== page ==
I recommended to the mother, removal of the tumor by an operation with the knife. This she refused to permit, and she took the child away without further counsel. On April 29th, she returned to the dispensary with the child, asking advice concerning a hæmorrhage which had developed in the tumor and which was the result of an operation made elsewhere. She could not give me a correct account of what had been done to the child since its previous visit to the dispensary, but said that it had been taken to a clinic somewhere in the city, where an operation with hot needles or similar appliances had been performed. Since this operation, the child had refused to nurse and had become very feverish. Ulceration had set in, followed by excessive hæmorrhage, and this so alarmed the mother that she decided to come again to the Demilt Dispensary. The appearance of the child was very bad. The respiration was rapid, the temperature 102° (axillary), and the child was subject to frequent attacks of vomiting. In examining the tumor, I discovered a small pocket of pus beneath the skin, which seemed pent up and was covered with a thick scab. I removed the scab, thoroughly cleansed the cavity with a solution of bichloride of mercury, 1 to 2,000, and then applied a light compress saturated in a strong solution of tannic
acid. This controlled the hæmorrhage. I informed the mother that, if the child recovered from its present fever, I should operate by removing the tumor entire. The lip seemed so unsightly to her that she said she would rather that the child should die under an operation than live in its present condition. I therefore gave preparatory treatment, and, in the course of five or six days, the child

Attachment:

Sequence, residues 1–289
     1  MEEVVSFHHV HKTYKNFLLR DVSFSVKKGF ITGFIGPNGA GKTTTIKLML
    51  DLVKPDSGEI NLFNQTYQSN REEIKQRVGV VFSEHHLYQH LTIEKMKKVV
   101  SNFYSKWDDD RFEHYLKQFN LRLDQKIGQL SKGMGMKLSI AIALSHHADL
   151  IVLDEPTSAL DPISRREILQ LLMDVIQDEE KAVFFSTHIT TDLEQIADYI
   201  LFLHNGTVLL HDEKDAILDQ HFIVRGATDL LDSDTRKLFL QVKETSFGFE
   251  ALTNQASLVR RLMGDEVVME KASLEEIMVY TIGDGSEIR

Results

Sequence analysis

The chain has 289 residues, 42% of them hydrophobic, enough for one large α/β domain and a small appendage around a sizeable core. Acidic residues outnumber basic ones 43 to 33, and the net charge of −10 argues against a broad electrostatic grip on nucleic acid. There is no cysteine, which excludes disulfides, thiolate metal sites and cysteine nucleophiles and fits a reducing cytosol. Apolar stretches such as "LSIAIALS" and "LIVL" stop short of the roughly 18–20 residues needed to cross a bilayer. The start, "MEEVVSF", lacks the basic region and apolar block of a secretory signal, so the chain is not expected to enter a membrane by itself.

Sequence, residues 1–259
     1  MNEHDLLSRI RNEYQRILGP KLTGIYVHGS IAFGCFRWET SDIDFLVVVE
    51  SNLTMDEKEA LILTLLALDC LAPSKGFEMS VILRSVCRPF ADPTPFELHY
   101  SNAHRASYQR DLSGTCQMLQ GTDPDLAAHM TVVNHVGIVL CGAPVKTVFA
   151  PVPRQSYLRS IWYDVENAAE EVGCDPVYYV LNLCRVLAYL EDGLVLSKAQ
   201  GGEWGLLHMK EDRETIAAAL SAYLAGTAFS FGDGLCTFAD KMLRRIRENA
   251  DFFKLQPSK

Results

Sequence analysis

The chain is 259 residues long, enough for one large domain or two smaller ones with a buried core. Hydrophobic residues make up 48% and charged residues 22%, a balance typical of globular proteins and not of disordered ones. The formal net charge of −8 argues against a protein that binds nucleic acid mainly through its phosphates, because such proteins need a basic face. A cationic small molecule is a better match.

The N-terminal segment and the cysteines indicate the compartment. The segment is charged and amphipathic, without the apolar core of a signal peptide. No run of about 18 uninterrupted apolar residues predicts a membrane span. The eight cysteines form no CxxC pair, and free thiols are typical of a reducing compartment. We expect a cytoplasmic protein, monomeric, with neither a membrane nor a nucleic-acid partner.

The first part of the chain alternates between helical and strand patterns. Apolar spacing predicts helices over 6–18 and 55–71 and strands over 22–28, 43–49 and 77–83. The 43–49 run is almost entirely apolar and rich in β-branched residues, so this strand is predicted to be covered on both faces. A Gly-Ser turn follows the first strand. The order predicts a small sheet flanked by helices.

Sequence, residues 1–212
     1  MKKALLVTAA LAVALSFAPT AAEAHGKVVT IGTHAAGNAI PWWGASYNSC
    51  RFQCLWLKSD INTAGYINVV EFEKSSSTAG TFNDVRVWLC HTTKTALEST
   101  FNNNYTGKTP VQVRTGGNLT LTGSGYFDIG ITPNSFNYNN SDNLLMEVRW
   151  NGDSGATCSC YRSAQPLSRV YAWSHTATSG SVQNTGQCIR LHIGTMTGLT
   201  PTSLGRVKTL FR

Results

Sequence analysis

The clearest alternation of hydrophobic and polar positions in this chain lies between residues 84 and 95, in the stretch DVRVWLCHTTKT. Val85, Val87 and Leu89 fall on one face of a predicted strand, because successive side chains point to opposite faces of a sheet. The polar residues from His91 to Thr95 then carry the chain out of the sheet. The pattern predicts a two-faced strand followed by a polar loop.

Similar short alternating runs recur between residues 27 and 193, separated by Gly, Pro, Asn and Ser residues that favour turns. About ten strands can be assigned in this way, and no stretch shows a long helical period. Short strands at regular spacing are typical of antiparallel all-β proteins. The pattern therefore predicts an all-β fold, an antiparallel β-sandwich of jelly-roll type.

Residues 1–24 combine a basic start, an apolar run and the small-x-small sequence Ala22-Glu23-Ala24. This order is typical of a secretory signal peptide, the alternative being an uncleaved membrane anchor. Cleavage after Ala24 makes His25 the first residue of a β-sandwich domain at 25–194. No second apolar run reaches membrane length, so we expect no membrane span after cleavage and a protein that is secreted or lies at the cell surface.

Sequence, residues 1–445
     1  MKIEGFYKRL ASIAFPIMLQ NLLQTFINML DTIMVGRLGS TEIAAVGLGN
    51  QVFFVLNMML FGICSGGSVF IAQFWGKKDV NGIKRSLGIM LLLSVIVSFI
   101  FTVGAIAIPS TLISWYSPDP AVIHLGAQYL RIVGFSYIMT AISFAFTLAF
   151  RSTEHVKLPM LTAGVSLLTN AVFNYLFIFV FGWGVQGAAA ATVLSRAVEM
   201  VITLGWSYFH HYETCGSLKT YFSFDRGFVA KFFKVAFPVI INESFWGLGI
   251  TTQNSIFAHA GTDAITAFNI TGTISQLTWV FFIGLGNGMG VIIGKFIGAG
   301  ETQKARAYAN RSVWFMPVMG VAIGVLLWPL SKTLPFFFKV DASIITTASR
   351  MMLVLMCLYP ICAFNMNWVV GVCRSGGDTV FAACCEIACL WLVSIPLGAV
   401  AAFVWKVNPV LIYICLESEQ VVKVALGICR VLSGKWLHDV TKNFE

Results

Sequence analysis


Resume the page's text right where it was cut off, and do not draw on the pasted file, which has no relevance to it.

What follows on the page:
had so far recovered that I decided to operate on the following Sunday at my office. A cast of the tumor, and this photograph, which I here show you, were taken on the Saturday before the operation. The tumor was then enlarged to the size of an English walnut.
The child was in fair condition. The fever had abated, and she was able to retain food, although she was very anæmic from the loss of blood resulting from the former operation. On June 8th, in the presence of Professor J. W. Wright and my assistants, Dr. Segur and Dr. Carpenter, I placed the little patient under ether and proceeded to operate. I cut away about four fifths of the entire
Fig. 2.—APPEARANCE OF THE LIP IN CASE 2. (From a Photograph taken ten Days
after the Operation.)
lip, leaving as much of the vermilion border and of the orbicularis oris muscle as I could, in order to assist in the formation of a new lip. During the operation, the coronary arteries were held by my assistants, so that there was no great loss of blood. After removing the tumor, I dissected up the edges of the integument
on either side and brought the parts together, using one hare-lip pin and uniting the edges of the wound by fine catgut sutures. The after-dressing consisted simply of a piece of lint laid over the wound and kept moistened night and day, by the aid of a drop-glass, with a solution of bichloride of mercury, 1 to 2,000, for the first forty-eight hours.
On June 10th, I removed the hare lip pin without disturbing the dressing. On June 15th, I removed the dressing and found the wound united by first intention. On the same day, I allowed the babe to nurse its mother, which it did readily and well. This photograph, which I now present for your inspection, was taken ten days after the operation.